Mapping human rights skepticism in Mexico

Mexico, it seems, finds itself perched on the horns on a dilemma:  should it fight crime or protect the rights of those accused of committing it? Since President Felipe Calderón declared war on drugs in 2006, some 95,000 Mexicans have been murdered, and another 25,000 disappeared, through 2012. At the same time, the Mexican government was implementing a 2008 criminal justice reform that explicitly codified international norms such as the presumption of innocence and assistance of counsel during interrogations. Some may argue that time and money spent on justice reform in the face of uncontrolled gang violence is misplaced, while others will say it is highly warranted. Indeed, in an atmosphere ridden by violence and fear, the rights of the accused may seem like a luxury—something to be conceded only after pressing security problems are brought under control. As abhorrent as it might seem, the idea that rights protect criminals—which I’ll call “rights skepticism”—is an understandable response to violence that is spiraling out of control. Certainly, office-seekers looking to make political hay of crime frequently adopt anti-rights stances. On the other hand, mounting rights abuses make protecting the rights of the accused paramount. But where do ordinary Mexicans stand on this security-rights tradeoff?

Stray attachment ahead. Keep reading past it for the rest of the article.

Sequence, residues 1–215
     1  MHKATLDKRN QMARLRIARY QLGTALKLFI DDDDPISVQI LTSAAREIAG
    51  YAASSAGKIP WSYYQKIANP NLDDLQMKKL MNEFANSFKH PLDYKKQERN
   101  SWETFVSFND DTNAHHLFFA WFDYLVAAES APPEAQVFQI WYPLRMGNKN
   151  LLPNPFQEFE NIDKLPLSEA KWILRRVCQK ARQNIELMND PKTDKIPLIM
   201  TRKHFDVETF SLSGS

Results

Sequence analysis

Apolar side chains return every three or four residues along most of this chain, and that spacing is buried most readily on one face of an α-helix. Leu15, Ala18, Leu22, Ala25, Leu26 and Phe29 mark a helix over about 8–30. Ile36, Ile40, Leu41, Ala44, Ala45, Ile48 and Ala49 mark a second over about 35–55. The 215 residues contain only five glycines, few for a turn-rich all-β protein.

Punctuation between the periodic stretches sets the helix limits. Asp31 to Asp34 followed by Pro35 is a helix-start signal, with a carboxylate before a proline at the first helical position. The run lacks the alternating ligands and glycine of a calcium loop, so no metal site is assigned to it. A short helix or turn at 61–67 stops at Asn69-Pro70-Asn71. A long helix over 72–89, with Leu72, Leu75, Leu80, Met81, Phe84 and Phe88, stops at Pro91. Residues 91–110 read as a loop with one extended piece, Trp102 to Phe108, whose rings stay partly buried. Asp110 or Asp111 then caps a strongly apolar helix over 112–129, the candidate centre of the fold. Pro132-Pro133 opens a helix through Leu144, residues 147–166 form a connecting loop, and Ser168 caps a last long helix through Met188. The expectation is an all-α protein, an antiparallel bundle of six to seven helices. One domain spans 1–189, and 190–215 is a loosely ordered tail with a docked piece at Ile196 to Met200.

In 2014, the Americas and the World (CIDE, Mexico City) teamed up with the Human Rights Perceptions Polls (University of Minnesota) to probe Mexicans’ views on rights. The two groups had already worked together in 2012, but this new polls expanded the number of human rights questions. Pollsters asked respondents on a scale of 1 to 7 (with 1 being “not at all” and 7 “very much”), “[H]ow much does ‘protecting criminals’ have to do with what you understand as human rights?” Do Mexicans believe that human rights protect criminals?  Does this belief vary across regions, as well as by aspects of the local social context, including crime rates? Our survey evidence, judiciously combined with other data, suggests that Mexican opinions vary depending on geography and politics.  

Demotix/Enrique Perez Huerta (All rights reserved)

"The idea that rights protect criminals—which I’ll call 'rights skepticism'—is an understandable response to violence that is spiraling out of control."

The liberal view